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When the instructions that a judge will give the jurors is as a defendant is presumed innocent of the crime charged, and that presumption continues unless after consideration of all the evidence, the jury is convinced of the defendant’s guilt beyond there is mold out. The state has the burden of presenting evidence that establishes guilt beyond original doubt. The defendant must be found not guilty was the state has produced evidence which commences the jury beyond a reasonable doubt of each element of the crime. Therefore a judge will asked whether a prospective juror will presume the defendant in this unless proven guilty beyond a reasonable doubt, said Tulsa criminal defense attorney Stephen Cale.

Yet another instruction that the judge will give to jurors is that if they find the defendant guilty, then they will have a duty to assess punishment. The judge will then explain the punishment for the crime in terms of how long the person would have to spend in prison or whether or not there is a fine. A potential juror must have the ability to assess punishment in accordance with the law. However there cannot be any discussion of the possible range of punishment and then after former conviction case until the jury has reached the second stage of trial if they find the defendant guilty.

There is a separate question and instruction that a judge must give to a potential juror where the death penalty is sought for first-degree murder. In this instance of the jury finds beyond original doubt that the defendant is guilty of murder in the 1st°, the jury will then have the duty to assess punishment. The punishment for murder in the 1st° is death, and life in prison without parole, or life in prison with the possibility of parole.

The jury cannot consider imposing the death penalty unless it finds that one or more aggravating circumstances exist beyond original doubt. Aggravating circumstances are circumstances which increase the defendant’s guilt or punishment for the offense. A jury may also not consider imposing the death penalty unless they unanimously find that the aggravating circumstances are such that they outweigh any mitigating circumstances which may be present.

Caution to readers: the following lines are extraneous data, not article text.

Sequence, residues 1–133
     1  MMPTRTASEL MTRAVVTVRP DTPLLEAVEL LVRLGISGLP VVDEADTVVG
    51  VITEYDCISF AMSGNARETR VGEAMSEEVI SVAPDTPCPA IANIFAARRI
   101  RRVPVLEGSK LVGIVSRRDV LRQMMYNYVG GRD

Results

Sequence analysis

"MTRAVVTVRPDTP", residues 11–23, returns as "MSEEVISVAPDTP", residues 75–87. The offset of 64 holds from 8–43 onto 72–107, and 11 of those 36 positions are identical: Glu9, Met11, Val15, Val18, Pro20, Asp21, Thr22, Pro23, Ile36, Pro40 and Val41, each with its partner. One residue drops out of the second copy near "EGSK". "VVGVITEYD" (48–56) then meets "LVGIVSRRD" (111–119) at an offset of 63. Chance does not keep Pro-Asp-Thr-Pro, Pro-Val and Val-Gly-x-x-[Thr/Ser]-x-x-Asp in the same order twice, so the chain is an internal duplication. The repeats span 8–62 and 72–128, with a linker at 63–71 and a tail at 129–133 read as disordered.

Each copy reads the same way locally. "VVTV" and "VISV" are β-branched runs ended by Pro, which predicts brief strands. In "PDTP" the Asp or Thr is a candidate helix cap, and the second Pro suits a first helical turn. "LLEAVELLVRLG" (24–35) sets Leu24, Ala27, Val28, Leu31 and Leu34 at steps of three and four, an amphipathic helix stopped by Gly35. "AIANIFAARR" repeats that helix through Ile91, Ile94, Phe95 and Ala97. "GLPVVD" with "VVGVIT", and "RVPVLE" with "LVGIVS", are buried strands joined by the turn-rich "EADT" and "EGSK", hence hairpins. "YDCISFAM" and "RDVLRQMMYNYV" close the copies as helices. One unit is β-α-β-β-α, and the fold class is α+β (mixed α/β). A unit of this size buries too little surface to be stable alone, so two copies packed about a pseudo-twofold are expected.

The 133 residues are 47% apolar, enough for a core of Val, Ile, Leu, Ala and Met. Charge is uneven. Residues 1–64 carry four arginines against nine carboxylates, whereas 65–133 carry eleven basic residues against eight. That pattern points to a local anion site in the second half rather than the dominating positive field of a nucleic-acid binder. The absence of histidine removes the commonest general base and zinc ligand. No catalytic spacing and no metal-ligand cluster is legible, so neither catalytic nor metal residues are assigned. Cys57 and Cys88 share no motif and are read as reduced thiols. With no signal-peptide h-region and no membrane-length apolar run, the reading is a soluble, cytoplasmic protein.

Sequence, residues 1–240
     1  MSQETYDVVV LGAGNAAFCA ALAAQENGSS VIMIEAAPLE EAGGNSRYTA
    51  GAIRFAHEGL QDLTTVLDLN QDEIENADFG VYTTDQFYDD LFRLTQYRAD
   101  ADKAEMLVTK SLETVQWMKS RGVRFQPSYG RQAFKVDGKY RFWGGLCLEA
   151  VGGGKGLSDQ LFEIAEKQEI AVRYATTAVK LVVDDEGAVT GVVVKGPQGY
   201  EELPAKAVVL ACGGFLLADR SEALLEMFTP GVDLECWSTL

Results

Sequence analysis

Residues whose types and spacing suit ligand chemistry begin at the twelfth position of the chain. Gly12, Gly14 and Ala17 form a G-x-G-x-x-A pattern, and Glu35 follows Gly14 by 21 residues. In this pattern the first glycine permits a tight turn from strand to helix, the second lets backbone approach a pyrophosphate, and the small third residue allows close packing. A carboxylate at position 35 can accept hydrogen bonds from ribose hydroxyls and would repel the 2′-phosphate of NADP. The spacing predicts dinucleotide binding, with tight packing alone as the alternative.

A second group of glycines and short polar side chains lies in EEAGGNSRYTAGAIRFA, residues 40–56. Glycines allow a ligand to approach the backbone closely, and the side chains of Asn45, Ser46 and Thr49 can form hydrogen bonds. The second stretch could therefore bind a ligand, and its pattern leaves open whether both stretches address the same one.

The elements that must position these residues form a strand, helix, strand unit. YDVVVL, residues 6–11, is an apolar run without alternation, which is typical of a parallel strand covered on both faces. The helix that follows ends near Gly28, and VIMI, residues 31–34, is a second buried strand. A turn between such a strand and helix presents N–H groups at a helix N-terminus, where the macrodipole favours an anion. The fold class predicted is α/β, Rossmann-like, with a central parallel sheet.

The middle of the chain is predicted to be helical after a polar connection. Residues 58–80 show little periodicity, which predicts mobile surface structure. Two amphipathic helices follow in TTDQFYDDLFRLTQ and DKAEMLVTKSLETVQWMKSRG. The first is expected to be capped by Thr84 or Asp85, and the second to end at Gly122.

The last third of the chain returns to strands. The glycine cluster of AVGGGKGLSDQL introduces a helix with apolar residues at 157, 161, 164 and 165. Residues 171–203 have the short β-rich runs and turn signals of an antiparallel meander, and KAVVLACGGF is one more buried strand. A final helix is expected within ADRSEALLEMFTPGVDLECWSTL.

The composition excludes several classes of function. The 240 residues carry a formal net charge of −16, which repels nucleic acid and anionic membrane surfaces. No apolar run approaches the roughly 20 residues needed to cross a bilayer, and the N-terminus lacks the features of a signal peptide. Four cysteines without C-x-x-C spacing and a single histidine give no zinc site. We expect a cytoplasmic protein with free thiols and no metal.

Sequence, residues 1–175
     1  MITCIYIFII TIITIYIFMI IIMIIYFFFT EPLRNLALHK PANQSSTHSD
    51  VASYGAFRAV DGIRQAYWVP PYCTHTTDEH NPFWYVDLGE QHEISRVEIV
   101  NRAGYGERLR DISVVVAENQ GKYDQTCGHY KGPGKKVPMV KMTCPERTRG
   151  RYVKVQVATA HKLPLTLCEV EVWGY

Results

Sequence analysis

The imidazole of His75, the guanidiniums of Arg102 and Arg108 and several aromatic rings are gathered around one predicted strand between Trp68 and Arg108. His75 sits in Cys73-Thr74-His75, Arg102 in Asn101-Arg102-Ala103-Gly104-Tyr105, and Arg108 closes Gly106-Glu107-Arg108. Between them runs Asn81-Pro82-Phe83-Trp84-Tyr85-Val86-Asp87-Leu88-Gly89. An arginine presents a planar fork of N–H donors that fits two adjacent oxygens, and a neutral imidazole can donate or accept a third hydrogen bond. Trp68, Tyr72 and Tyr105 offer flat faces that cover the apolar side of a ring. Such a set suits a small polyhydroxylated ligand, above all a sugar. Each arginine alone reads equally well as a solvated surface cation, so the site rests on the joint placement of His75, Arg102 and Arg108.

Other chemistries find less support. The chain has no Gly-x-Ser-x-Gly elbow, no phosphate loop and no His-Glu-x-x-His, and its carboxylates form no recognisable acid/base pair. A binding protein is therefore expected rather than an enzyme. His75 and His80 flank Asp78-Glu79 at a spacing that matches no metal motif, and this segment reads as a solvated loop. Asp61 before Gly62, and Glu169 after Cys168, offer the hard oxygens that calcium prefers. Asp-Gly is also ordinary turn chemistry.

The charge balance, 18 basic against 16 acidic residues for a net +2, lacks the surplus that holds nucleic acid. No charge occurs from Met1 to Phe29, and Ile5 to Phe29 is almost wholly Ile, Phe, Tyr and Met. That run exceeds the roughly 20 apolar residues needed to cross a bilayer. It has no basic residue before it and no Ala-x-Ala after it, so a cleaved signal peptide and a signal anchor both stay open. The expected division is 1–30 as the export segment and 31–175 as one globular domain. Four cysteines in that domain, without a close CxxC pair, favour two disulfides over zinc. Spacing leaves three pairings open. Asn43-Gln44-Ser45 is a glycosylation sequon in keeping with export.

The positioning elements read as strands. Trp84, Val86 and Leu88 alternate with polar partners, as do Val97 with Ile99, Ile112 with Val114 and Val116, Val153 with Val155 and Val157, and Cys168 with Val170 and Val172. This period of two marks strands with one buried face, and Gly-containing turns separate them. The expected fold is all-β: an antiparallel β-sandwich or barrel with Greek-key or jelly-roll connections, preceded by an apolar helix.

Mitigating circumstances are: 1) circumstances that may heighten or reduce the degree of moral plane; or 2) circumstances which in fairness, sympathy or mercy may lead the jury individually or together to decide against imposing the death penalty. Even if the jury finds that the aggravating circumstances outweigh the mitigating circumstances, it may impose a sentence of life in prison with the possibility of parole or life in prison without the possibility of parole. If the jury finds the defendant guilty of first-degree murder, it can consider all three of the potential punishments.

If a potential juror could not impose the death penalty or some type of life in prison, then the judge will ask a follow-up question. That question will be whether that potential juror’s reservation about the penalty is so strong that regardless of the law and the facts of the case that juror would not be able to impose the death or life in prison penalty. An additional question is whether a potential juror will automatically impose the death penalty if the jury finds the defendant guilty beyond a reasonable doubt that he is guilty of murder in the 1st°.